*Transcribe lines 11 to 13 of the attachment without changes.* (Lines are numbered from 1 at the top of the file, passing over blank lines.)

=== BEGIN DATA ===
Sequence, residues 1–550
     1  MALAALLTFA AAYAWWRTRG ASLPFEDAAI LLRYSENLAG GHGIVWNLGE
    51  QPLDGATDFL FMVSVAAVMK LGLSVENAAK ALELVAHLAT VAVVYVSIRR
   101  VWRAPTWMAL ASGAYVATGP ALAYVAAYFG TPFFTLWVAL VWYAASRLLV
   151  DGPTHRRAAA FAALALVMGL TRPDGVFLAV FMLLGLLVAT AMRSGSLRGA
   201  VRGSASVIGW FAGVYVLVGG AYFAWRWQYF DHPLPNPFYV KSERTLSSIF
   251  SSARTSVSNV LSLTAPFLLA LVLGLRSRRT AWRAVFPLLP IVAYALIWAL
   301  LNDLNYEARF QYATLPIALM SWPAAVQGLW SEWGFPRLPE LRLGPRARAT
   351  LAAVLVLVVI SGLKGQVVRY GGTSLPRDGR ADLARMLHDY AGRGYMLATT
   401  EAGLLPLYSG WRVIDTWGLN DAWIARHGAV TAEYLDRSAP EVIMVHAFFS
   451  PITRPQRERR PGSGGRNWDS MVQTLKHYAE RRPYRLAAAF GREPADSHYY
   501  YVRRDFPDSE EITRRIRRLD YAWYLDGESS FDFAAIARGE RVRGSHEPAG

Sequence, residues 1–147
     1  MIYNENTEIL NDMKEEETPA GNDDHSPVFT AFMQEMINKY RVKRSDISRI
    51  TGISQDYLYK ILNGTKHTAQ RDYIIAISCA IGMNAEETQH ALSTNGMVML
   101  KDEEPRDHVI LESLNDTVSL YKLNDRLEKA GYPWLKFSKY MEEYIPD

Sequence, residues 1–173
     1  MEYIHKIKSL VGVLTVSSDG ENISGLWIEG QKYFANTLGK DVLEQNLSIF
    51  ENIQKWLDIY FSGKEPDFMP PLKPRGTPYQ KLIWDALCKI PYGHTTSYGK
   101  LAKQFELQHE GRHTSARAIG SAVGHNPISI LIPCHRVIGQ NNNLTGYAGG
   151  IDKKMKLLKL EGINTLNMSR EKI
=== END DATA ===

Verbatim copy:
   451  PITRPQRERR PGSGGRNWDS MVQTLKHYAE RRPYRLAAAF GREPADSHYY
   501  YVRRDFPDSE EITRRIRRLD YAWYLDGESS FDFAAIARGE RVRGSHEPAG

Sequence, residues 1–147